CP Industries isn’t simply going to let itself be pushed out of business. An option to consider is importing German steel — which so far has been exempted from the protectionist fusillade. But it will take time to shift suppliers. And German steel will be more expensive.
Of course, there is lobbying. CP Industries has requested a waiver from the tariffs, and it is working to get Pennsylvania’s congressional delegation on its side. Something else it could do is move part or all of the manufacturing process overseas to avoid the steel tariffs.
“We have a whole list of ideas that we could execute,” Mr. Larsen told me. “But nothing we do will be more efficient than what we are doing now. And it will mean less value added in the United States.”
Mr. Larsen is not, by the way, an evangelist for free trade at all costs. Six years ago, when he was at Taylor-Wharton International, a manufacturer of smaller vessels for high-pressure gas, he teamed up with Norris Cylinder to bring an antidumping case against Chinese rivals and won. The government imposed an antidumping duty on Chinese imports to level the playing field.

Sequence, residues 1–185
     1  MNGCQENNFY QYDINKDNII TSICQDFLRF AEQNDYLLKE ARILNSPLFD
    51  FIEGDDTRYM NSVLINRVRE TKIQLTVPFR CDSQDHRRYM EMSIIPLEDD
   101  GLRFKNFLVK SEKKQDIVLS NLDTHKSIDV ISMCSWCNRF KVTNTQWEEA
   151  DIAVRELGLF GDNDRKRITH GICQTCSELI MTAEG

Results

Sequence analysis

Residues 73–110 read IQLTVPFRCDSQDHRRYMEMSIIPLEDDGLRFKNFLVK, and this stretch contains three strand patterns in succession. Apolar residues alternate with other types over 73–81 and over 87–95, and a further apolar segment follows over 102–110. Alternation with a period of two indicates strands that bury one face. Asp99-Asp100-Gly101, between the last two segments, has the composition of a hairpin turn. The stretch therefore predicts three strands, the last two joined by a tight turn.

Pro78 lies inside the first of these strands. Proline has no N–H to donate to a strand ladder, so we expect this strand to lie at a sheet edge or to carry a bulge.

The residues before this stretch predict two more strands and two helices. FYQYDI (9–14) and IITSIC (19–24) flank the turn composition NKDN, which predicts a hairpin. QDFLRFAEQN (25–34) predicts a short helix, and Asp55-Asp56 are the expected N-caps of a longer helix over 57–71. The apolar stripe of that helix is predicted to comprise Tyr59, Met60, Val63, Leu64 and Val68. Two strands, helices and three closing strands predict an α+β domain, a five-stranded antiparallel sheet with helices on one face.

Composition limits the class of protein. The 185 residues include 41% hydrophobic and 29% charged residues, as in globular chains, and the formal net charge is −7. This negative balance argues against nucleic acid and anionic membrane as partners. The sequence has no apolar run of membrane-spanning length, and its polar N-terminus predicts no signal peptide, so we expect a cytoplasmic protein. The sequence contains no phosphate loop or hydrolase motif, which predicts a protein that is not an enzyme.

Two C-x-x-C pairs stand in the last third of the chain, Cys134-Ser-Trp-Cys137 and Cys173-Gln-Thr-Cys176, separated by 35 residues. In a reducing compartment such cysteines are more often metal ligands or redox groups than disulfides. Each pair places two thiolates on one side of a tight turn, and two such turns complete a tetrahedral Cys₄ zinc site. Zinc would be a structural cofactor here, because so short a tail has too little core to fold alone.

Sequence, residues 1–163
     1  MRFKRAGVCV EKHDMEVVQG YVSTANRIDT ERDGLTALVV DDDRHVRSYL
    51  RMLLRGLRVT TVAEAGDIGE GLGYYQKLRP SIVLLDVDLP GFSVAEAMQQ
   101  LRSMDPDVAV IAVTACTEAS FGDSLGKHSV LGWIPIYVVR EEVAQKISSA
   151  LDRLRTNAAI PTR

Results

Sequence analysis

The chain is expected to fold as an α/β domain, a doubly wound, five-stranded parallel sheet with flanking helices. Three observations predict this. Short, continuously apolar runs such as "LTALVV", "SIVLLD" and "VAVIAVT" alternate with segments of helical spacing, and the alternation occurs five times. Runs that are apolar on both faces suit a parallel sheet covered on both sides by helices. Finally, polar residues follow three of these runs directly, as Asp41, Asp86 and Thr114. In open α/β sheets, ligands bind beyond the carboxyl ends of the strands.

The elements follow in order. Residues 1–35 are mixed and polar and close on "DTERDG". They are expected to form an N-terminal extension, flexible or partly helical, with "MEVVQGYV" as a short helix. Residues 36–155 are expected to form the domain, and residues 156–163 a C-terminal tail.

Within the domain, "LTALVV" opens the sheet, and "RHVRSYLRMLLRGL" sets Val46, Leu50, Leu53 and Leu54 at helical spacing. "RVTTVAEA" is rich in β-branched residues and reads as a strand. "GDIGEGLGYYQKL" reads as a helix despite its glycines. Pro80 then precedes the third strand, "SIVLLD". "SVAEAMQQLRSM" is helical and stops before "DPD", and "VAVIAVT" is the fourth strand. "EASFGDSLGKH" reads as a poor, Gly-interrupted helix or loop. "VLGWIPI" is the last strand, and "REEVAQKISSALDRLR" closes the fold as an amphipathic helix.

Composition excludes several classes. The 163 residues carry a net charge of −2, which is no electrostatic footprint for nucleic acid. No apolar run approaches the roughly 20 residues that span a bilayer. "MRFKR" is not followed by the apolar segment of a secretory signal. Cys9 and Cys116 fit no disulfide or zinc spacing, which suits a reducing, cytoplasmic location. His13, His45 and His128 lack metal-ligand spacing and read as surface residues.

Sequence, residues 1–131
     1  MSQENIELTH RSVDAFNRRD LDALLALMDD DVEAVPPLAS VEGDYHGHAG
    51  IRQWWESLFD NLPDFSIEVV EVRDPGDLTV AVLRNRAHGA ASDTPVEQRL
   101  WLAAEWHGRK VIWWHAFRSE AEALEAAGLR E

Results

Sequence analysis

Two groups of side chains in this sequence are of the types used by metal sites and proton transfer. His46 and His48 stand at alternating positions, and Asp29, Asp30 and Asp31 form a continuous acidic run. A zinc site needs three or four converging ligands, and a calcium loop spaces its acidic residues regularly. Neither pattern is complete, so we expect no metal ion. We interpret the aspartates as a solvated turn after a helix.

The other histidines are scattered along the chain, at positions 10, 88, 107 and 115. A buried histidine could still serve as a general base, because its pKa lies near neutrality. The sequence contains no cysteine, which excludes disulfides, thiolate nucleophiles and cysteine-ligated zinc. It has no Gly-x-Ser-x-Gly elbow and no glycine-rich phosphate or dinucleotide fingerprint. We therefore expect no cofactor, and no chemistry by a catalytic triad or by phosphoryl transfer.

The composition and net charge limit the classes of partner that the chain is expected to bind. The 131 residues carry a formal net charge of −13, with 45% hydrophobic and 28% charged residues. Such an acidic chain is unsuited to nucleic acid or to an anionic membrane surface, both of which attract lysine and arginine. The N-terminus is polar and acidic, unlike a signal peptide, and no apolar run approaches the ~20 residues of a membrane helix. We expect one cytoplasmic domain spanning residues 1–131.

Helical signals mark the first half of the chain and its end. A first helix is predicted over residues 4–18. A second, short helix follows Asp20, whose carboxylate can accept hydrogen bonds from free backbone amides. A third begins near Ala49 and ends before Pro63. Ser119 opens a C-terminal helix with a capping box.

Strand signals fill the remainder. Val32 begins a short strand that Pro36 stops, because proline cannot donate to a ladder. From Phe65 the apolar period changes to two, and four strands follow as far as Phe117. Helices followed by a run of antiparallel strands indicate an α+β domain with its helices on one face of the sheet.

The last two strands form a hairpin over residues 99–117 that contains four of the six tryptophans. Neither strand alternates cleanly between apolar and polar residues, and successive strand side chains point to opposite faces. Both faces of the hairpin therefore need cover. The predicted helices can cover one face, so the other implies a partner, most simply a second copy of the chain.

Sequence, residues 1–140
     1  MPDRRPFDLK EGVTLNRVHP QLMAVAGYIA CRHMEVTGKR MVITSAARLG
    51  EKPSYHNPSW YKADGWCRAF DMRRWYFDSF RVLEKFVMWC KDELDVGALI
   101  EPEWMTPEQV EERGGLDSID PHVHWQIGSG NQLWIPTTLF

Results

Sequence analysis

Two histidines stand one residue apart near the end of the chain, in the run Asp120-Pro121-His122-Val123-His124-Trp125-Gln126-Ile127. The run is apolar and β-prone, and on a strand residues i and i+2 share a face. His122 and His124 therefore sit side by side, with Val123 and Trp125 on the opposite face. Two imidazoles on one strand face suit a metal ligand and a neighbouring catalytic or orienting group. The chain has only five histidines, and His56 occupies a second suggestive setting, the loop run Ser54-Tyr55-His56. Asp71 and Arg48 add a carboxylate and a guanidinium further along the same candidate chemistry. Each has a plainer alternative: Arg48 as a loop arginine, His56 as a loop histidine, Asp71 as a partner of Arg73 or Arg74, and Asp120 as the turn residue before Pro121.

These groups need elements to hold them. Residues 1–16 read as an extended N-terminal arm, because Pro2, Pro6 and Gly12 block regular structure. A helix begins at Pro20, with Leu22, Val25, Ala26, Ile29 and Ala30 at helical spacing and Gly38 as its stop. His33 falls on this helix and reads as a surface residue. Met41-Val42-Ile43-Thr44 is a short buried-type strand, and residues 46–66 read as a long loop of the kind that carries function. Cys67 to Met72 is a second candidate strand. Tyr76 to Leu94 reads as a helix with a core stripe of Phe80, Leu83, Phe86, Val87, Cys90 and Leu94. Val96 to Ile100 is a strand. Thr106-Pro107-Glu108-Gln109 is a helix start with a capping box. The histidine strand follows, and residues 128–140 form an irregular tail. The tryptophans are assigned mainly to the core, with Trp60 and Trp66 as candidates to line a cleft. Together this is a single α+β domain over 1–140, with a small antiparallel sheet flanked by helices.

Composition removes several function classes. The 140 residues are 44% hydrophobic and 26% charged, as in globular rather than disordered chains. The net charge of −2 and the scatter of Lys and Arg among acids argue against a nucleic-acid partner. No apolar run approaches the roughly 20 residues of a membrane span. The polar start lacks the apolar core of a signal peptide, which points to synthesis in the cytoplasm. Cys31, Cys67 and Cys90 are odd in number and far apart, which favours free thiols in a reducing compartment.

He would love to try that approach against his new Chinese competitors. But Mr. Trump nipped the strategy in the bud: Dumping — selling below cost in order to drive rivals out of business and gain market share — is not necessary when you are suddenly granted a 10 percent cost advantage. That’s roughly the kind of edge that the steel tariffs gave the makers of high-pressure gas vessels in China.
“As it stands today,” Mr. Larsen lamented, “they cannot be overcome.”